Camera acquisition syndrome (CAS)
Last April, I purchased a Fujifilm X-Pro2 mirrorless camera system. I made an unboxing video and a gallery of stills, which I posted shortly afterwards. In the fall, I took the system (with the addition of Fujinon 10-24 and 50-140 zooms) on a trip to England, where I fell further in love with the relatively compact, lightweight kit.
But how does the X-Pro2 fare in the video department?
I put the most recent addition to my camera bag up against my Nikon D-800 DSLR and, for good measure, the iPhone 6s.
I made these comparison clips last May, but then The Move interceded and many things took a back seat to renos and reorganization. Now that my workspace is beginning to be workable, I’m trying to catch up.
On a beautiful, late spring day (I’m so ready for it’s return!) I took the three devices to Beacon Hill Park and adjacent beaches, some of the finest locations in Victoria, British Columbia.
The first 2:10 of the video review consists of clips made with the X-Pro2, combined with the 23mm f1.4, a lens I’ve come to treasure for its sharpness and superb contrast. Then I alternated between the Fuji and the Nikon, with a couple of clips from the iPhone 6s thrown in for good measure.
The Nikon was fitted with 24-70 f2.8 and 70-200 f2.8 zooms.
The results by no means constitute an exhaustive technical assessment, but I think they provide a fair idea of what can be achieved with minimal editing. All clips are right out of the cameras — no post-processing adjustments.
I ran through a few of the Fuji’s most popular “film simulation” settings, such as “Chrome,” “ACROS” (B&W), “Sepia,” and “Velvia.” (full options: Std., Provia, Velvia, Astia, Classic Chrome, Pro Neg. Hi/Pro Neg., Acros/Monochrome, Sepia)
The camera has received accolades for its jpeg images, so it was no great surprise that the X-Pro2’s jpeg engine did a fine job on video output. By comparison, the D800 clips appear somewhat soft and low-contrast. Then again, the D800, with its 36MPX full-frame sensor, albeit with anti-aliasing filter, displays excellent dynamic range.
All clips but one (the “scarecrow”) were shot mounted on a Gitzo carbon fibre tripod with Manfrotto 050 Photo Movie head. The iPhone was attached to this rig with a Joby GorillaPod.
Let’s be clear, none of these can be considered professional video cameras. Other reviews (since this one is late to the game) have made note of the X-Pro-2’s Moire and aliasing issues. The D800 suffers to a lesser degree from the same defects.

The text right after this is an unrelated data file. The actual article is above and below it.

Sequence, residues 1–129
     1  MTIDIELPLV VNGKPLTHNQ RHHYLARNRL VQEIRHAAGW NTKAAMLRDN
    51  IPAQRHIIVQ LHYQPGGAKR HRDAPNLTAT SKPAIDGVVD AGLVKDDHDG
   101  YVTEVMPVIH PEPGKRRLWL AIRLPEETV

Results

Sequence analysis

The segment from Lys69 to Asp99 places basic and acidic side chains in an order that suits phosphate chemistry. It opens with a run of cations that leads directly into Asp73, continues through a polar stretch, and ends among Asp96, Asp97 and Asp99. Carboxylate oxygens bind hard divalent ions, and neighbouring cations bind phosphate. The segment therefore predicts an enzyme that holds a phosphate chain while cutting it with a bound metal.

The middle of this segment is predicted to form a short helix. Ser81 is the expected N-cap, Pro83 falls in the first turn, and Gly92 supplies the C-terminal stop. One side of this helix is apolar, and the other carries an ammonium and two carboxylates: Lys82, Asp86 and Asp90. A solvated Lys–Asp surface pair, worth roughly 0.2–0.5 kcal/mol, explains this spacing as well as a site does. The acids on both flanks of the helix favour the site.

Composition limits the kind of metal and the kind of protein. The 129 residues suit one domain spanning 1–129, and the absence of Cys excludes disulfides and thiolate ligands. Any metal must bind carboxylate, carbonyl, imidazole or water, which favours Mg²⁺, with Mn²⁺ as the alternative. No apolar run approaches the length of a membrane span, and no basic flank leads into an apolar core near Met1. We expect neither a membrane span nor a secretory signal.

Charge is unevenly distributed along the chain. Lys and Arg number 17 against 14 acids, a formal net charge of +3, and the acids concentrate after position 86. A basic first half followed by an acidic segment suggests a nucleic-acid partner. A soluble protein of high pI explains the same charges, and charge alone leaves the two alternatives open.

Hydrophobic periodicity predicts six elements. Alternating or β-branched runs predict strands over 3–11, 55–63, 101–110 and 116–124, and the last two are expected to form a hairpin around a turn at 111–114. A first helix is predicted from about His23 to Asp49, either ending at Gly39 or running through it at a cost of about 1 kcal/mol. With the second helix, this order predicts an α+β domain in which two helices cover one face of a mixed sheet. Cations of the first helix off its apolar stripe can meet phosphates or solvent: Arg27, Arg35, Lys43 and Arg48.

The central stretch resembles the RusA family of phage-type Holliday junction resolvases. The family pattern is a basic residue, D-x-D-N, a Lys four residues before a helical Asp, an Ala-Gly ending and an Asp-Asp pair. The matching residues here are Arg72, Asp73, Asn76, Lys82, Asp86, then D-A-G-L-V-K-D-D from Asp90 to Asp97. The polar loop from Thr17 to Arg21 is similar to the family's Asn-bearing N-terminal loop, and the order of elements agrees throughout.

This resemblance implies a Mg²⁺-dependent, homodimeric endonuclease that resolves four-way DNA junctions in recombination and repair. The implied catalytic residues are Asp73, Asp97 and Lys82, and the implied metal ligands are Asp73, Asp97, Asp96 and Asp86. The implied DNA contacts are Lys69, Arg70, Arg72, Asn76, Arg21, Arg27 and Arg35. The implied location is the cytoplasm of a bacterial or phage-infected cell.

Settings on the X-Pro2 are minimalist, shall we say. There is no dedicated video button; you press the top fn button to begin recording. You can reprogram other buttons to take up this function. Once you’ve chosen your settings, that’s what you’re stuck with; no changing mid-record. You’re also stuck with auto-exposure (see tree pan at in video). There’s no override that I can find. This is the most vexing oversight as far as I’m concerned. Hopefully, this can be addressed with a future firmware update.
I made all clips from the Nikon and Fuji 1080p and 60fps.
This test didn’t examine low-light performance, but I know from previous experience that the D800 does not shy away from shady places. The X-Pro 2 is also impressive, producing useable “footage” down to ISO 1600. Here’s where the iPhone is better left in one’s pocket, unless its flashlight function is needed to find something in the camera bag.
None of these cameras capture 4K video — we’re talking 1080p as the highest resolution. (The Fujifilm X-T2 recently stepped into that arena and the new iPhone 7/7 Plus feature 4K video recording at 30 fps)
I’ll let the results speak for themselves. For my purpose (I don’t consider myself a videographer), both the Fujifilm X-Pro 2 and Nikon D800 work well — even the iPhone clips look decent if stabilized and ambient light is sufficient — but I have to say, the X-Pro2 comes out on top if you’re looking for high quality clips right out of the camera. Again, the excellent Fuji jpeg engine sees to that.